Astronomy Talk: Cosmic Alchemy: Neutron Stars, Gravitational Waves, and How to

Houge Park

3972 Twilight Dr · San Jose, CA

How to find us

Bldg #1, near the parking lot

Location image of event venue

Details

Come join us for our monthly Astronomy talk!

Many of SJAA’s events, like this one, are public and free to attend, but if you’re enjoying what SJAA has to offer, consider becoming a paid member for only $20 per year: https://www.sjaa.net/membership/benefits-of-membership-2/

7:30pm to 8pm: Social time, come and mingle. We will have snacks and beverages.

Talk begins at 8pm.

Topic: Cosmic Alchemy: Neutron Stars, Gravitational Waves, and How to Make Gold
Speaker: Dr. Ryan Foley

Description:
In 1916, Albert Einstein predicted the existence of gravitational waves, a radiant form of energy similar to light, but caused by gravity. A century later, scientists detected the first gravitational waves from two merging black holes. This landmark discovery and new way of viewing the Universe resulted in the 2017 Nobel prize.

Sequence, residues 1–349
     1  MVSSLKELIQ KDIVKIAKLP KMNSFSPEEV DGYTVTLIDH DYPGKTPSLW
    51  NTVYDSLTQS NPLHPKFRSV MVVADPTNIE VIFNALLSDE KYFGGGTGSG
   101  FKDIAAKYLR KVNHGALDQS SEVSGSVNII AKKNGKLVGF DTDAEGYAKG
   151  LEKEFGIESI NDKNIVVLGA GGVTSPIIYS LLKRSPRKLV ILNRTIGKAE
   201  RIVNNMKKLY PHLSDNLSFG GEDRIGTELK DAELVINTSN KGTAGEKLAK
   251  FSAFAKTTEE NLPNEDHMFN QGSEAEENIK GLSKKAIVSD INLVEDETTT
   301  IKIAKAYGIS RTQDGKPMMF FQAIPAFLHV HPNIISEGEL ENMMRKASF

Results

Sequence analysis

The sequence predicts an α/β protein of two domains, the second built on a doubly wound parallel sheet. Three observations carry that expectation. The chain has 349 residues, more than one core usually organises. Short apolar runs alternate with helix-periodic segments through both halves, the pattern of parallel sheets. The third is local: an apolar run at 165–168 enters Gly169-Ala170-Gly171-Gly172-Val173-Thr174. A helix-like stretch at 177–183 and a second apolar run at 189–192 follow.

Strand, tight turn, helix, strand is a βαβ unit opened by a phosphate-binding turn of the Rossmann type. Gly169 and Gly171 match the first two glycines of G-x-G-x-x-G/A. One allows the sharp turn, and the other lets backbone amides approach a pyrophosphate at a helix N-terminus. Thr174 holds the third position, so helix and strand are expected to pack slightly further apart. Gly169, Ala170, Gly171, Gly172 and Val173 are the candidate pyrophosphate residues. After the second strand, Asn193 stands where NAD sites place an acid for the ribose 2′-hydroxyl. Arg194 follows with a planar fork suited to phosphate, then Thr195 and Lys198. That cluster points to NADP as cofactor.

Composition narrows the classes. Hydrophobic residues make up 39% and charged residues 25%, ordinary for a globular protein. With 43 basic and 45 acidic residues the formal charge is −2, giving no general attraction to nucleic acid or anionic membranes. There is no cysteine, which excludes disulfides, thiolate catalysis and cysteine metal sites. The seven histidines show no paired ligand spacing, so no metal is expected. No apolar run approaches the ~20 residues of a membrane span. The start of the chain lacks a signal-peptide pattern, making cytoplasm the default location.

On August 17, 2017, a new kind of gravitational wave source was detected – two colliding neutron stars. Professor Ryan Foley and his team found its aftermath, a kilonova, in optical light – the first detection of light from a gravitational wave source. He will tell the harrowing story of how his small team of young, diverse scientists using a tiny telescope made this incredible discovery.
Examining the data in detail, they found that the neutron star merger produced large amounts of heavy elements – like platinum and gold – that were shining brightly. Professor Foley’s work heralds the start of a new scientific field, where we can combine gravity and light to understand the Universe.

Bio:
Prof. Foley studies exploding stars, often with a telescope from the top of a mountain. He is interested in characterizing the many ways a star can die. He received his PhD from UC Berkeley in 2008, was a Clay Fellow at the Harvard-Smithsonian Center for Astrophysics, and is now a member of the UC Santa Cruz faculty. He is a Sloan fellow, Packard fellow, and Kavli fellow. He was awarded a 2018 NEXTies award in the “Wildcard” category. He lives close to the beach and tries to see the ocean every day.